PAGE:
Fossil fuel assets are becoming even more volatile as the world works towards the Paris climate targets. Pension plans in Canada primarily view these investments from a risk-management perspective, however, failing to employ an ethical lens. ESG considerations have become merely part of a risk management assessment and aren’t central to investment decisions. That flies in the face of their UN PRI promises.

But even when taking a risk-management perspective, divestment makes investing sense.

Pension funds not applying ethics

After much investigation, I believe the problem is that the norms of investment as they relate to the concept of fiduciary duty are roadblocks to making this crucial investment policy change. Even though on an official basis, our pension plans have wide discretion, they seemingly don’t yet have the social licence to become ethical funds.

That’s because the concept of fiduciary duty — which calls for working in the best interest of pension members — needs to be revisited so that it’s in line with ethical investing.

Canadian pension plans apply an unenlightened perspective of fiduciary duty. They’ve translated fiduciary duty into meaning that pension funds must maximize returns without regard to what they’re investing in, or where.

Some investment funds place a few limits on the types of businesses they will invest in — like weapons, for example — but it’s a small list. The British Columbia Investment Management Corporation and the Alberta Investment Management Corporation screen out tobacco, munitions and land mines and nuclear investments.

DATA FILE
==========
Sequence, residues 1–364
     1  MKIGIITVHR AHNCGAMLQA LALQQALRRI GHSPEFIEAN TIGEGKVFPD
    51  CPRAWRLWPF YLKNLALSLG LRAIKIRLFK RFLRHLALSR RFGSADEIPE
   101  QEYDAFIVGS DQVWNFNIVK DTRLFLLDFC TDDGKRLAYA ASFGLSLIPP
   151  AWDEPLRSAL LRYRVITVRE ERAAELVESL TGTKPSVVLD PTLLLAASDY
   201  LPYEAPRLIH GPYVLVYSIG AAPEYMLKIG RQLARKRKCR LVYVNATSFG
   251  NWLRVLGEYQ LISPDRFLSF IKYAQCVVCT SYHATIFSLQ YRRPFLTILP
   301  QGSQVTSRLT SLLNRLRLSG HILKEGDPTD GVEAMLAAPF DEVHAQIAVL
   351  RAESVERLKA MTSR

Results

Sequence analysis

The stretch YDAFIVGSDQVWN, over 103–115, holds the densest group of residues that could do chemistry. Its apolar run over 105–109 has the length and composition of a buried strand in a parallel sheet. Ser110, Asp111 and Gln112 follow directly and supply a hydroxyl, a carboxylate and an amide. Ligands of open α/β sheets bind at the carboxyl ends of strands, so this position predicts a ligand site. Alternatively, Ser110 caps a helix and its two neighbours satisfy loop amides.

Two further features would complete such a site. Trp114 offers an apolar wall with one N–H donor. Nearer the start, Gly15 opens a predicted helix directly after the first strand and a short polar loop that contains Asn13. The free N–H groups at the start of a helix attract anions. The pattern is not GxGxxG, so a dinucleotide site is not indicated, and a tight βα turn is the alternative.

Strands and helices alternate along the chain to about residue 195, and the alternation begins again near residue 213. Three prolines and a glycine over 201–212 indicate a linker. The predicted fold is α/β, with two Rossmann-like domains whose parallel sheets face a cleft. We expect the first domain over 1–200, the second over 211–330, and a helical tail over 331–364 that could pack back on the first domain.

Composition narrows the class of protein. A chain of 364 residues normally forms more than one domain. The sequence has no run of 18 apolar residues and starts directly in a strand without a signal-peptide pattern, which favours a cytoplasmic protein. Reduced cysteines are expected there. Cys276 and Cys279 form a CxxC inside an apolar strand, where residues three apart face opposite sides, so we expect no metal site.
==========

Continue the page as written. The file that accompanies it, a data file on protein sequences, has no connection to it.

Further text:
The Caisse de dépôt et placement du Québec also recently announced plans to begin divesting of coal and invest in clean industries. Hopefully the leadership of CEO Michael Sabia may signal the start of a trend.

Working in the best interests of pension members, after all, includes not just today’s beneficiaries, but also the generations who are contributing now and will draw from the fund in the future, as well as those who will join as members in the more distant future.

A visitor watches protest banners outside the COP23 Fiji UN Climate Change Conference in Bonn, Germany, earlier this month. (AP Photo/Martin Meissner)

The businesses and industries chosen for pension fund investments matter to the economy of those future generations. It should be self-evident that pensions are inherently meant to provide future benefits over the long term. And so sustainability should be a key priority for pension plan managers.